Tokyo bars and restaurants have started to reopen as the city begins easing restrictions put in place to prevent the spread of the coronavirus. At Cheers One, a bar located in the Japanese capital’s upscale Ginza district, mannequins dressed as cheerleaders help brighten the mood and enforce the new social distancing laws.
“Our restaurant looked very empty and we wanted to add more excitement,” Arata Funabara, owner of Cheers One, told Reuters. The cheerleading-themed bar counts both women and men among its clientele and the mannequins are completed with uniforms and pom-poms.
Other safety measures used by Cheers One include face shields and gloves for the bar’s cheerleader-dressed waitresses who perform karaoke songs on request. The shields and gloves are also offered to patrons.
Across the globe, bars are beginning to use creative measures to help adapt to coronavirus-related restrictions. In South Korea, Robot bartenders are shaking up the bar and cafe industry.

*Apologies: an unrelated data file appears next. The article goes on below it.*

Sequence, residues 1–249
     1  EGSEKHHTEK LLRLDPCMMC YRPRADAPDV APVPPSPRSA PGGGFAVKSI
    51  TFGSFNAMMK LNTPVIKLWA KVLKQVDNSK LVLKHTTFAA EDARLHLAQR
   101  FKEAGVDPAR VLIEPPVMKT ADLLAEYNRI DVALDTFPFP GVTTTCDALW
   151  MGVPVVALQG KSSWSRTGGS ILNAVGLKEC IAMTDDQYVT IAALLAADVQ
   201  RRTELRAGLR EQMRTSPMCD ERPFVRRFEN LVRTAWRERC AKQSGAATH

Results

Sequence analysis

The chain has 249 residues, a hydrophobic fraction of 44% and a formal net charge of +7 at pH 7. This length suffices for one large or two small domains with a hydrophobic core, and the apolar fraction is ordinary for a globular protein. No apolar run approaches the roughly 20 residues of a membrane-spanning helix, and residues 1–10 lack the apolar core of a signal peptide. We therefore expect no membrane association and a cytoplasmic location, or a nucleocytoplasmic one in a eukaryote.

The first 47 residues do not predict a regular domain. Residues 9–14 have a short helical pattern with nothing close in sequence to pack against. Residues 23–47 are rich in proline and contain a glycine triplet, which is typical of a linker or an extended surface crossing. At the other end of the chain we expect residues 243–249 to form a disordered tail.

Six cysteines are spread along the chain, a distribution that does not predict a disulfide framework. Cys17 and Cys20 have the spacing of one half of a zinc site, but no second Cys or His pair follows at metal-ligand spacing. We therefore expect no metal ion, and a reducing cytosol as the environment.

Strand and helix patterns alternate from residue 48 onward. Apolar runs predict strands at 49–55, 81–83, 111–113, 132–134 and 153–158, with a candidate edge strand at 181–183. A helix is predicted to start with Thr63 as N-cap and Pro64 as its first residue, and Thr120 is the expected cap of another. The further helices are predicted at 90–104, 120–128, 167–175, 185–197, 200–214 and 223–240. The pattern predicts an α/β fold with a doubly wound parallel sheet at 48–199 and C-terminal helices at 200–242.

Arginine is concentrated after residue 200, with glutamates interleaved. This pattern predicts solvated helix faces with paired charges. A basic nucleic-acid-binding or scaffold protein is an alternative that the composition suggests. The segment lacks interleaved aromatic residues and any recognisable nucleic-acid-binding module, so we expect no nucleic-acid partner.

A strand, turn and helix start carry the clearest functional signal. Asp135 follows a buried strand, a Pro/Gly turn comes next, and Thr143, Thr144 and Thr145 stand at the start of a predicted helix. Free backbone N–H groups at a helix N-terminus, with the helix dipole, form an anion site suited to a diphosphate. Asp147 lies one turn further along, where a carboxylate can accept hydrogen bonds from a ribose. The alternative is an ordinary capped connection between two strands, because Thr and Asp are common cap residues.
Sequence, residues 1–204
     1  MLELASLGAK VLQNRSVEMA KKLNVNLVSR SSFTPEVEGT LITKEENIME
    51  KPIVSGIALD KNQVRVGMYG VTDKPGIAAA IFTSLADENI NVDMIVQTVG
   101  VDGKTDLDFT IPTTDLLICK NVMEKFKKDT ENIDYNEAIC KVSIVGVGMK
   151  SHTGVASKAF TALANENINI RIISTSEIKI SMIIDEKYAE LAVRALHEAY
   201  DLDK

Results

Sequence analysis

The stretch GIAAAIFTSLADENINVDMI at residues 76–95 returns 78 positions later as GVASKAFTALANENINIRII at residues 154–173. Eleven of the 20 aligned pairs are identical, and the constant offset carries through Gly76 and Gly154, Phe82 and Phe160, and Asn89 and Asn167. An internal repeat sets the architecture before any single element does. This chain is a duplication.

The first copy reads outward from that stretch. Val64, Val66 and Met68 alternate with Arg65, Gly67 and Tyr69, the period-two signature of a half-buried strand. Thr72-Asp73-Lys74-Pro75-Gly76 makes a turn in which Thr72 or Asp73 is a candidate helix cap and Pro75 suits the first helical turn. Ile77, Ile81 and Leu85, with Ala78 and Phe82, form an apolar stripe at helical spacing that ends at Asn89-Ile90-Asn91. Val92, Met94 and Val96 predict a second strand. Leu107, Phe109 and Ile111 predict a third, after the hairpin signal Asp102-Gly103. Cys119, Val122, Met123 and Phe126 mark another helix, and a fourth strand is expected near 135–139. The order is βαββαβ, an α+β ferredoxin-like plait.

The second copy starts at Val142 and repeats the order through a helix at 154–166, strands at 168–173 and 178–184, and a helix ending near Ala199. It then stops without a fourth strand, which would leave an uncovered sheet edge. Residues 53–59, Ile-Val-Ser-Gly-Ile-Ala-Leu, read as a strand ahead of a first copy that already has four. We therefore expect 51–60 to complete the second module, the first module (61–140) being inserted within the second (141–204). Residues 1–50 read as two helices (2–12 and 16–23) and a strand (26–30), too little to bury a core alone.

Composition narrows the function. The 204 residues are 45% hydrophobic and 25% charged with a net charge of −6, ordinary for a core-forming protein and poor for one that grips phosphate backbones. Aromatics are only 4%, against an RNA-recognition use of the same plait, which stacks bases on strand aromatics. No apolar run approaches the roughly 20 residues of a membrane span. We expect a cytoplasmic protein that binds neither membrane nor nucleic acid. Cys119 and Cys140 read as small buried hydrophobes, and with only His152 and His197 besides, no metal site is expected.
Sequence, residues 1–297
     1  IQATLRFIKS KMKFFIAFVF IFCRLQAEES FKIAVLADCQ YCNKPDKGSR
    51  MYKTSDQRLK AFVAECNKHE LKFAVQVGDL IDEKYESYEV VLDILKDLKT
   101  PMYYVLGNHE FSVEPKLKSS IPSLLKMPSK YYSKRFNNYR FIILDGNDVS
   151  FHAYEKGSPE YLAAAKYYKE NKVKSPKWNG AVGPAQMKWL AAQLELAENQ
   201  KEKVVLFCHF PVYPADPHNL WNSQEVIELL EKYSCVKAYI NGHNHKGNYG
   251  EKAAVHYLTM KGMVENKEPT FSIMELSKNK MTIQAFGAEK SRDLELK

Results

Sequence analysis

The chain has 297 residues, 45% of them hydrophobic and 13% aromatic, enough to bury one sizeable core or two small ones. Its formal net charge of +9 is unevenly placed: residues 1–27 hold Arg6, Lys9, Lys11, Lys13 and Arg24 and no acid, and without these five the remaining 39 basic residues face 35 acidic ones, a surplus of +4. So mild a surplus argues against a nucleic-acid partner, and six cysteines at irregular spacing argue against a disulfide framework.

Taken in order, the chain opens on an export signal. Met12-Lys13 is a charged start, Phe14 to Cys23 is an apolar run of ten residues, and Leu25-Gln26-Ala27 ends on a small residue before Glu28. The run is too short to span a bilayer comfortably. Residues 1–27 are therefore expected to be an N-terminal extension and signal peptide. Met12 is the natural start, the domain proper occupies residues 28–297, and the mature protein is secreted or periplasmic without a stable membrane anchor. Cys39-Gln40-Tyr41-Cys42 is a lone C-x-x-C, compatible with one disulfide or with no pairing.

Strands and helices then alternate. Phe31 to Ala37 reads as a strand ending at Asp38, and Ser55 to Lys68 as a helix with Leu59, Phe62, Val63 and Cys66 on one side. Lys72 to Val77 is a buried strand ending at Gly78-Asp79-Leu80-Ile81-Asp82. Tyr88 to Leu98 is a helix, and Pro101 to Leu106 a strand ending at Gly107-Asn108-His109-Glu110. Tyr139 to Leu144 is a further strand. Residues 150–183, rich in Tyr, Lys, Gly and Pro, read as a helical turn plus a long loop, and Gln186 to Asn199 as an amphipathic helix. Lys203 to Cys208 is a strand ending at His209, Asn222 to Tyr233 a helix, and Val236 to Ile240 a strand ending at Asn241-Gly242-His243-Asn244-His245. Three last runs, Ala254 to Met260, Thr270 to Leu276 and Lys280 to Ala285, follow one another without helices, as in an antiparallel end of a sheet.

There are robots currently on the market that can make cocktails from upwards of 25 bottles and others who can carve perfect ice balls in a fraction of the time that it takes a human hand.
At Coffee Bar K in Seoul, the robot behind the bar is named Cato. He’s six feet tall and dressed to impress. “Do you see this? A beautiful ice ball has been made. Enjoy some cold whisky,” he says in Korean.
Over at the Cafe Bot Bot Bot coffee bar, a robot arm mixes up mojitos and other cocktails. Robots can provide a kind of consistency behind the bar that humans can’t, but they also lack the creative freedom and heavy pours that many bar-goers love.
While it may be a bit disappointing that customers can no longer speak with bartenders in the same proximity as they are used to, global innovations are adding up. Hopefully, they’ll help alleviate some of the stress.